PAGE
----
Colorectal Cancer: A silent killer that can be stopped
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Colorectal Cancer: A silent killer that can be stopped

September 26, 2023

By Dr. Nikhil Nanjappa, Consultant Surgical, Gastroenterologist & Colorectal Surgeon, Aceso BKG Health Care, Mysuru

Colorectal Cancer (CRC) is a common and deadly disease that affects the colon and rectum. It can cause bleeding, pain, weight loss and fatigue. It is often mistaken for piles and not diagnosed early enough. CRC can be prevented by screening and through healthy habits.

CRC is the seventh most common cancer in India, with over 27,000 new cases and 19,000 deaths in 2018. It affects both men and women, mostly after 50 years of age.


The exact cause of CRC is unknown, but some factors increase the risk:

Age: Older people are more likely to get CRC.

Diet: Eating too much red meat, processed meat and fat can raise the risk.

Obesity: Being overweight or obese can make CRC more likely.

Smoking: Smoking can damage the DNA of the colon and rectum cells.

Alcohol: Drinking alcohol can affect how the body works.

Inactivity: Not exercising can increase the risk.

Inflammatory Bowel Disease: Having long-term inflammation of the intestines, such as Crohn’s disease or ulcerative colitis.

Family history: Having a relative who had CRC or polyps can make CRC more likely.

Polyps: CRC usually starts from a benign growth called a polyp on the colon or rectum lining. The most common type of polyp that can turn into CRC is an adenoma.

Diagnosis, Screening & Staging

The best way to prevent CRC is to find and remove polyps before they become cancerous. This can be done by regular screening tests that check the colon and rectum for any problem.

Diagnostic and screening tests

Consult colorectal surgeon: This is the first and best step. A colorectal surgeon is a specialist who has extensive training and experience in diagnosing and treating CRC.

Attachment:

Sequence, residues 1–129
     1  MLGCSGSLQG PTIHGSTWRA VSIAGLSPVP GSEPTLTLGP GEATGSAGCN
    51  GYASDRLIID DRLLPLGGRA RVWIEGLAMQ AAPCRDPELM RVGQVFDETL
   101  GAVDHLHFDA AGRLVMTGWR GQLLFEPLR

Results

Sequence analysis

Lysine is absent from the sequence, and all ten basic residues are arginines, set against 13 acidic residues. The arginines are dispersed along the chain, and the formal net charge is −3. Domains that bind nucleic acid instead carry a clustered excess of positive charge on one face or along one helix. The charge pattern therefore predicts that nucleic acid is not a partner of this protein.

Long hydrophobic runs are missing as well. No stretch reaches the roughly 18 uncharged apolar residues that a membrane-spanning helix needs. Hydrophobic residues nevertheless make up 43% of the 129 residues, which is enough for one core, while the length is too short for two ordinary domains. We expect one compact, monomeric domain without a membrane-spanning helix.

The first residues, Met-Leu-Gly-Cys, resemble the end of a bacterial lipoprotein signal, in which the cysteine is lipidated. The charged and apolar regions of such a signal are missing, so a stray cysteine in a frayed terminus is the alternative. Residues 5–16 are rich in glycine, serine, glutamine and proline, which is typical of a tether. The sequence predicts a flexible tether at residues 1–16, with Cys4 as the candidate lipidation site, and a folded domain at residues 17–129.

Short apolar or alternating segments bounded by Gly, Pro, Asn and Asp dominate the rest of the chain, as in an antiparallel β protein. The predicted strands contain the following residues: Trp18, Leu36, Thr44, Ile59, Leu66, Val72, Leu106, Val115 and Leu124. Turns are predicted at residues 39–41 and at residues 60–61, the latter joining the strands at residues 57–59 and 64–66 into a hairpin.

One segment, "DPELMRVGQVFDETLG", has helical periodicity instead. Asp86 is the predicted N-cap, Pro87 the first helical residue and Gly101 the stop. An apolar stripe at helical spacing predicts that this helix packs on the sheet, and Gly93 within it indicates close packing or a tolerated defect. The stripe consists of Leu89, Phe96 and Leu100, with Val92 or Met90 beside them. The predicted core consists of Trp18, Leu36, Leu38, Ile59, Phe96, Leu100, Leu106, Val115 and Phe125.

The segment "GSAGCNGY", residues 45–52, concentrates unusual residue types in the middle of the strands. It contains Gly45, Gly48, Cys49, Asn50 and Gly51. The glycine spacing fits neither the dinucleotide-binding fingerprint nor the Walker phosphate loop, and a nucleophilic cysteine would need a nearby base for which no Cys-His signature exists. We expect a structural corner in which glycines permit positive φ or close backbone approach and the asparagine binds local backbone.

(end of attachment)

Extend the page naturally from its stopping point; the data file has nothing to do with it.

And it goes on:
Colonoscopy & biopsy: This test uses a tube with a camera to look at and remove any polyps or tumours in the colon and rectum. It is usually done under sedation or general anaesthesia to make it comfortable for the patient.

Screening tests can lower CRC cases and deaths by removing precancerous polyps and finding early-stage tumours that are easier to treat.

The stage of CRC shows how far it has spread in the body. This is done with scans such as CT or MRI. The stages go from 0 to 4, with higher numbers meaning worse disease. The stage affects the outlook and treatment options.


The treatment of CRC depends on many things, such as the type, grade, stage, location, and features of the tumour, as well as the patient’s health and choice. A team of colorectal experts is needed to ensure the best result. Each tumour is different and each patient is unique, hence an individualised treatment plan is chalked out by a robust multi-disciplinary team led by colorectal surgeons is vital.

A colorectal surgeon is a specialist who has extensive training and experience in performing surgery for CRC.

Treatment options

Surgery: This is the main treatment for most CRC cases. It involves removing the tumour, lymph nodes and some normal tissue around it. It can be done as open or laparoscopic and robotic methods. Minimal invasive techniques when carried out by specialists result in better patient satisfaction, early discharge, improved quality of life, lower blood loss, less pain, shorter hospital stay, faster recovery, lower risk of infection, lower risk of bleeding, lower risk of recurrence, lower risk of complications, etc.

Radiation therapy: This can be used before or after surgery to kill any cancer cells left behind. It works by using high-energy rays or particles to damage DNA. It can also help radiotherapy work better.

Chemotherapy: This is used for advanced or spread CRC that has reached other parts of the body. It works by using drugs that kill cancer cells or stop them from growing. It can also help radiotherapy work better.

Targeted therapy: This is by using drugs that target specific genes involved in CRC. They work by blocking or interfering with how these genes function. They can also help radiotherapy work better.

The five-year survival rate for CRC in India was around 50% in 2018. There is evidence that sub-specialisation in colorectal surgery improves outcomes.


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